Have recent studies discovered a causal relationship between selenium and diabetes? Are such conclusions valid?
More than a few studies have found a link between serum selenium levels and incidence of diabetes. (1-4) Expectedly, these results cause concerns within the health community as well as in patients and in health-conscious individuals. It is clear to most that ‘too much of a good thing’ is very much a reality for health supplements, so it may seem logical to refrain from selenium supplements and maybe even restrict intake from diet. Despite the results of these studies, there are a number of serious considerations that deserve careful analysis.
Before the veracity of these conclusions is explored, it must be stated that danger from surpassing the upper tolerable limit of selenium is not being challenged by this article. It is known that selenium, like other trace elements, is essential at small doses and toxic at high doses. Not only do mega doses initiate toxicity in animal models but toxicity symptoms such as breath, hair, and nail changes and more serious symptoms such as organ damage (in extreme toxicities) are widely reported in humans, particularly after surpassing supplementary amounts of a few grams (~2-3000mcg/g) of the element. (5-7) What is in contention, rather, is if the results from animal and human studies prove that higher selenium intake within dietary ranges is pro-diabetic or at least justifies a withdrawal of supplementary selenium in normal diets.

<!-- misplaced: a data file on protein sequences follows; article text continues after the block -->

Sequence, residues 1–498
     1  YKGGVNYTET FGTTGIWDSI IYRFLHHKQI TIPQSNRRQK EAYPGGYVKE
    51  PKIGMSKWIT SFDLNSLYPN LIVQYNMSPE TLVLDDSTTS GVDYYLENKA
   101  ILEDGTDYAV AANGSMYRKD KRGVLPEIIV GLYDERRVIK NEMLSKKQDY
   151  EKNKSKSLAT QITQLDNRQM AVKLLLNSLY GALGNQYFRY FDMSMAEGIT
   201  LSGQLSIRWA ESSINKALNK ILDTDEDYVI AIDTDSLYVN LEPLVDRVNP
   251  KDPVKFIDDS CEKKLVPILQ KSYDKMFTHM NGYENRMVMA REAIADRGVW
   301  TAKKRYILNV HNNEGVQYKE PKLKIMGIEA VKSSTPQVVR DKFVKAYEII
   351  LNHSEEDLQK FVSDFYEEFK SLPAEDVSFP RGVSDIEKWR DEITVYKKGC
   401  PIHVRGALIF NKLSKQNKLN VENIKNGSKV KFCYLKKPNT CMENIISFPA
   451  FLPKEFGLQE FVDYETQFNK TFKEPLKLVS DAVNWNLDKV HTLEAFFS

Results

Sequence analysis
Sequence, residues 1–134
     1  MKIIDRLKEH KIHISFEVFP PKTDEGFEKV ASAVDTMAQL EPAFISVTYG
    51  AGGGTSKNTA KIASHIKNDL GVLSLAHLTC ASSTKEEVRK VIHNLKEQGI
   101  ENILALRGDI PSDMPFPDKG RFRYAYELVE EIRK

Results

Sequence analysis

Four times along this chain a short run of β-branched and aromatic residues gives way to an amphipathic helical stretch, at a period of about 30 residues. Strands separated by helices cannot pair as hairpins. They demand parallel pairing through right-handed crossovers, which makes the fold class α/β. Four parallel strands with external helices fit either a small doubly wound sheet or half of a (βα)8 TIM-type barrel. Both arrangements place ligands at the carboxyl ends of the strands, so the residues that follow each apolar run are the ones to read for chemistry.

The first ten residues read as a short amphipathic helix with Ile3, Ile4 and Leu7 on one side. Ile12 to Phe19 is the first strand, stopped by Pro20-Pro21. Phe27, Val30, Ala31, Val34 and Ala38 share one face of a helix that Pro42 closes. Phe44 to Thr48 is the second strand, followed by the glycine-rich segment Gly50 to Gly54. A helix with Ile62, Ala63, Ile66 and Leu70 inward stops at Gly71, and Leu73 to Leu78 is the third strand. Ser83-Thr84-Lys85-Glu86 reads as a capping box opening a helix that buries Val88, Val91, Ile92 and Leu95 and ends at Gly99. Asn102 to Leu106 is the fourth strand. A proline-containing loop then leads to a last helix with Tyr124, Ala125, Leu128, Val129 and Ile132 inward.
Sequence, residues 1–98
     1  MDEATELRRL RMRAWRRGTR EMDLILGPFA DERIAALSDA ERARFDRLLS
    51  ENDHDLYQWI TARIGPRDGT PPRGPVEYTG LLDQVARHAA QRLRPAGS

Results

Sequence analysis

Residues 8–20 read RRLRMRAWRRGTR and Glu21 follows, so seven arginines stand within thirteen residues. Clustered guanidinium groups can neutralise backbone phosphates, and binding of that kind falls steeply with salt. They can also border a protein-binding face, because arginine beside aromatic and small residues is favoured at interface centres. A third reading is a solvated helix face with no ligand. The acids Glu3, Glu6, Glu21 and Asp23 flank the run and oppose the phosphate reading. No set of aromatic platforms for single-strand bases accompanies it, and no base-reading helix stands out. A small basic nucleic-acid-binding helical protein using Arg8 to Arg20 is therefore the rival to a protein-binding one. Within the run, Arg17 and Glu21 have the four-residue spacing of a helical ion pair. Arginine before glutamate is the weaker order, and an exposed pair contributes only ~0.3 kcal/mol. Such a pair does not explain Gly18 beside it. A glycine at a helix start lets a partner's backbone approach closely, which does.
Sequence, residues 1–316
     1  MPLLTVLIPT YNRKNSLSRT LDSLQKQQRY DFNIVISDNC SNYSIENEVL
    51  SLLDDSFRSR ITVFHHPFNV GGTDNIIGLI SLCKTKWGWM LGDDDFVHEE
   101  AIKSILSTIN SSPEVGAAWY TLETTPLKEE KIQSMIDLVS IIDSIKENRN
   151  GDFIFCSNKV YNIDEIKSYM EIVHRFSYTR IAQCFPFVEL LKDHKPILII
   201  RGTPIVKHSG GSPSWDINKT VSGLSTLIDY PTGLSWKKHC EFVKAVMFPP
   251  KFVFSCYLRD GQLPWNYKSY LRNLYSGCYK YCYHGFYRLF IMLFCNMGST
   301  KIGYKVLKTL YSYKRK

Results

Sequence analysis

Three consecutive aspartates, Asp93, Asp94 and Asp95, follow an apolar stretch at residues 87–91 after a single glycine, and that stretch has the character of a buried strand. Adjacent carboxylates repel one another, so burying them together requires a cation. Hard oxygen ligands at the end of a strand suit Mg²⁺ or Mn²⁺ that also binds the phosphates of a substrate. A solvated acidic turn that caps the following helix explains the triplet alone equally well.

The first problem is the discrepancy between studies. Indeed, several studies have found a positive relationship with selenium and higher fasting glucose levels, insulin resistance, and diabetes but studies have not replicated these positive associations and others have even reported a protective effect. (8-14) If high selenium intakes had even mildly aversive effects on diabetic markers, one would not expect to find divergent relationships in adequately controlled studies with appropriate measures of selenium intake.